From 11:00PM PDT on Friday, July 1 until 5:00AM PDT on Saturday, July 2, the Shmoop engineering elves will be making tweaks and improvements to the site. That means Shmoop will be unavailable for use during that time. Thanks for your patience!
We have changed our privacy policy. In addition, we use cookies on our website for various purposes. By continuing on our website, you consent to our use of cookies. You can learn about our practices by reading our privacy policy.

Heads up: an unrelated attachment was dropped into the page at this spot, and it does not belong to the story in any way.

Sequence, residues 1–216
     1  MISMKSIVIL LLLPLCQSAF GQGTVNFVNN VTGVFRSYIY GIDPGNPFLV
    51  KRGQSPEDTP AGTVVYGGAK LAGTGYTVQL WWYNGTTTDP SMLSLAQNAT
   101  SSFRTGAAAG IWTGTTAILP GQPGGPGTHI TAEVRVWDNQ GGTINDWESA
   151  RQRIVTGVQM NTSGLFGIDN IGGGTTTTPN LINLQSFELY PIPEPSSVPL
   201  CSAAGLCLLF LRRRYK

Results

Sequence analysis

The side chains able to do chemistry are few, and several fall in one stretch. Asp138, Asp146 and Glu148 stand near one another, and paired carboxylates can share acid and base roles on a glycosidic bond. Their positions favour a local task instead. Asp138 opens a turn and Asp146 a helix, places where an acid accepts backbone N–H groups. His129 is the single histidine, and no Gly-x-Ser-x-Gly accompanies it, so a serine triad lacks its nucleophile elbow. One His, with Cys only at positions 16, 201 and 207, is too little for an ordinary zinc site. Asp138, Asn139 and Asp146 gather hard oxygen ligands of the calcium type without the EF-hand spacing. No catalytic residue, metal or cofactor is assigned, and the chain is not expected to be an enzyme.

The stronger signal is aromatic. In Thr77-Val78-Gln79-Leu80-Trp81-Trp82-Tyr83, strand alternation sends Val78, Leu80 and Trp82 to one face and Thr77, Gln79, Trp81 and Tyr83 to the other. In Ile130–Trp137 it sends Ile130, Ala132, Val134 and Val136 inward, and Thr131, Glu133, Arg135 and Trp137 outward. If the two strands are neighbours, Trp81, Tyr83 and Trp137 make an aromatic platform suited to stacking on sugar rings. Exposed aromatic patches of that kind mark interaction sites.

© 2016 Shmoop University, Inc. All rights reserved.
Ariel

Ariel

  

by Sylvia Plath

Ariel Death Quotes

How we cite our quotes: (Line)

Quote #4

And I
Am the arrow,

The dew that flies
Suicidal, at one with the drive
Into the red

Eye, the cauldron of morning. (26-31)

In these last few lines of the poem, the speaker imagines that she's shed her body, that she's become an arrow, that she's at "at one" with the power of her horse. This isn't a real, body-buried-six-feet-under-ground kinda death. She's imagining a more metaphorical death, one in which she transforms. To put it in happier terms: it's kinda like the death of the caterpillar who becomes a butterfly.

People who Shmooped this also Shmooped...

Advertisement